In 2009, former President Jimmy Carter came under a lot of criticism for claiming that at least some of the opposition to President Obama and his policies (specifically health care reform) was racially motivated (see story here). Of course, most people who oppose Obama are not racists, nor were most of the people who did not support his health care reform plan. Research has shown, however, that at least some of the opposition to the president and his policy proposals is linked to racial prejudice (see here, here, here, and here, e.g.).
It recently occurred to me that opposition to health care reform might also be linked to nativism, at least for some people. Why might this be the case? Nativism is the attitude that a distinctly American way of life needs to be protected against foreign influence. Might some people have perceived health care reform to be “foreign” or “un-American”?
A 2010 NPR story describes a gathering of Tea Party activists in southern Nevada. Referring to the new health care reform law, one activist stated: “I think it’s totally un-American, really.” Headline speaker Sarah Palin said: “Something’s not quite right when Fidel Castro comes out and says he likes Obamacare, but we don’t like Obamacare?” Another activist in attendance said: “If I was socialist I’d probably be for him [Obama], but I’m not a socialist.”
This is, of course, anecdotal evidence, but it suggests that some may have perceived health care reform to be distinctly un-American and associated with non-American cultures or systems such as Cuban communism or European social democracy.
A 2010 Hawkeye Poll, designed and fielded in part by yours truly, contained survey questions both on nativism and support for the health care law. Among Americans who opposed the health care reform law, 78% said that they believed that “our American way of life needs to be protected against foreign influence.” In other words, 78% of those opposed to health care also expressed nativist sentiments.
This can be further examined with a multivariate regression analysis. This isolates the effect of one variable (nativism) on another variable (support for the health care law), while controlling for the effect of all other variables in the analysis (such as demographics, religiosity, racial prejudice, and political ideology and partisanship). This analysis reveals that higher levels of nativism are associated with greater opposition to health care reform, even controlling for a host of other factors (for statistics geeks: p=0.006).
Not surprisingly, partisanship is the strongest factor in predicting opposition to health care reform (strong Republicans are 63% more likely to oppose the law than strong Democrats). Ideology comes next (strong conservatives are 51% more likely to oppose than strong liberal). Nativism is the third strongest predictor of opposition to the health care law, with strong nativists 34% more likely to oppose the law than non-nativists. In other words, even Democrats and liberals who are strong nativists are more likely to oppose the health care reform law. Anti-black racial prejudice also makes a difference, with those who are higher on racism 26% more likely to oppose the health care law. Apparently, nativism has a stronger effect on support for the health care law than racial prejudice.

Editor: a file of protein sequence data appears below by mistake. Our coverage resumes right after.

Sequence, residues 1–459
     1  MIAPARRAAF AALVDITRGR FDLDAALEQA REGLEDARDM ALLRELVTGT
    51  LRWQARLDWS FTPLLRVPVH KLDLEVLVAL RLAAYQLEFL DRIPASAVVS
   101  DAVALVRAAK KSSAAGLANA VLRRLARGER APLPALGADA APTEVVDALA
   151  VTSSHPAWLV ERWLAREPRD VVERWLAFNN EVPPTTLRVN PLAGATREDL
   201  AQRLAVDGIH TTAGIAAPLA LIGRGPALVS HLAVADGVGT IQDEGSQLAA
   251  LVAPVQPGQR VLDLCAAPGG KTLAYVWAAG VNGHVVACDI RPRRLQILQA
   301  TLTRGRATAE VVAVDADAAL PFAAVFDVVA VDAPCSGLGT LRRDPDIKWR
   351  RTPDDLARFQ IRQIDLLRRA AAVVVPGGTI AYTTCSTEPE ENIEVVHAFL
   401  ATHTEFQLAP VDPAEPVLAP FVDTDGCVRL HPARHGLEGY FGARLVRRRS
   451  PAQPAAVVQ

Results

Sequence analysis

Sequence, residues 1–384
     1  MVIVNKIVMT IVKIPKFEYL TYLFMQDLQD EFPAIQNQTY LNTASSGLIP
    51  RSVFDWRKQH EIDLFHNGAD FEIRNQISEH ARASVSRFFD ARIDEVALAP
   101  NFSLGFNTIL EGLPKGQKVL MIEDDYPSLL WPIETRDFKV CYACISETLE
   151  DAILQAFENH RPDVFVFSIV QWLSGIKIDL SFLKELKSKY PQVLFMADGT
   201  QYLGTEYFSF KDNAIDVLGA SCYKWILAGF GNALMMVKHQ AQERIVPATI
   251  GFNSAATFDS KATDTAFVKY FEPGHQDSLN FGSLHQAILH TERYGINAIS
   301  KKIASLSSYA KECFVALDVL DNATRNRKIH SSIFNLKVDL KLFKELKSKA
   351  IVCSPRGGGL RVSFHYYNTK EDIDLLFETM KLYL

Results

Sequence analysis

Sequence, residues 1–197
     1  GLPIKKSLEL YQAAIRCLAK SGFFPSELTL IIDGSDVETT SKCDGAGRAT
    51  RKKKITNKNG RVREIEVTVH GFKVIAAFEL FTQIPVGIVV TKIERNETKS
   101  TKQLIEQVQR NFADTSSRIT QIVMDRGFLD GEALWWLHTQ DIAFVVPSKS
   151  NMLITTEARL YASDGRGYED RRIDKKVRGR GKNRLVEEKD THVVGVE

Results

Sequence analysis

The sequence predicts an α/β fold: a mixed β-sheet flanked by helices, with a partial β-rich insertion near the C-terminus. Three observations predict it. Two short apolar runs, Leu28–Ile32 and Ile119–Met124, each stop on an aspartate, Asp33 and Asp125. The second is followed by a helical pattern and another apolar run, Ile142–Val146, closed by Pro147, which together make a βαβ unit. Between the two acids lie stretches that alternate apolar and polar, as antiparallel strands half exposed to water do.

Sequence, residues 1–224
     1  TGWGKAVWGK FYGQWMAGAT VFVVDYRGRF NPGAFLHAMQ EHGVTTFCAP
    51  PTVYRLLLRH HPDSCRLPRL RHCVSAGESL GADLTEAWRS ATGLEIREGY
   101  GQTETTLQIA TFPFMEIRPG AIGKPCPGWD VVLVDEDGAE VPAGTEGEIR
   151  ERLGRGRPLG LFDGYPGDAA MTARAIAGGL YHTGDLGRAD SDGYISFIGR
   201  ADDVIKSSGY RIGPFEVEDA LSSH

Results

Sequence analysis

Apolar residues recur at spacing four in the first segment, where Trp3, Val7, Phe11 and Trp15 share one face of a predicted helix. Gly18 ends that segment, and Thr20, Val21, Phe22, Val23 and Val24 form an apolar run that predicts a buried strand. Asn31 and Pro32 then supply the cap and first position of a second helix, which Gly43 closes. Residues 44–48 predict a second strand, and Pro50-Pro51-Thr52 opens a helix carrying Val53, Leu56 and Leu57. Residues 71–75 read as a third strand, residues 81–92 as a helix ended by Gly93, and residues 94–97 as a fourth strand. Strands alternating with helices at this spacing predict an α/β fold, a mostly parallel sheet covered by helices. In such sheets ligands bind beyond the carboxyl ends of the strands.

The most interesting finding is that none of the other demographic variables made a difference once these other factors were controlled for. In this sample, at least, opposition to health care can be explained by a combination of partisanship, ideology, nativism, and racism.
The third and final piece of evidence is the results of a nativism “list experiment” that was also included in the 2010 Hawkeye Poll. A list experiment is useful because some people might be shy or embarrassed to admit that they think that “our American way of life needs to be protected against foreign influence.” So this experiment is able to measure “hidden” agreement with a particular statement or attitude. It does this by splitting up the survey respondents into two groups. Each group gets this question: “I’m going to read a list of things statements about things that some people think. Please tell me how many of the following items you agree with. Not which ones, just how many.” The first group gets four statements that are completely unrelated to the attitude you want to measure (in this case, nativism). The second group gets the exact same list and adds a fifth statement about protecting our American way of life against foreign influence. Theoretically, the difference in the average number of answers given by the respondents between the two groups is the amount of the population who has that attitude. In this survey experiment, “hidden” nativism is referred to as “latent nativism” (as opposed to “express” nativism).
The results of the survey experiment show that 62% of those who opposed health care reform were also latent nativists (p<0.00001 = very strong relationship). On the other hand, only 9% of those who supported health care reform were latent nativists, and this 9% difference was not “statistically significant”, meaning the results could have just as likely occurred at random.
Collectively, all this provides strong evidence that nativism accounts for at least some of the opposition to health care reform. Again, this is not to say that all people who oppose health care reform are nativists. However, this does suggest that it would be inaccurate to say that opposition to health care reform is purely a philosophical position based on the size and scope of government.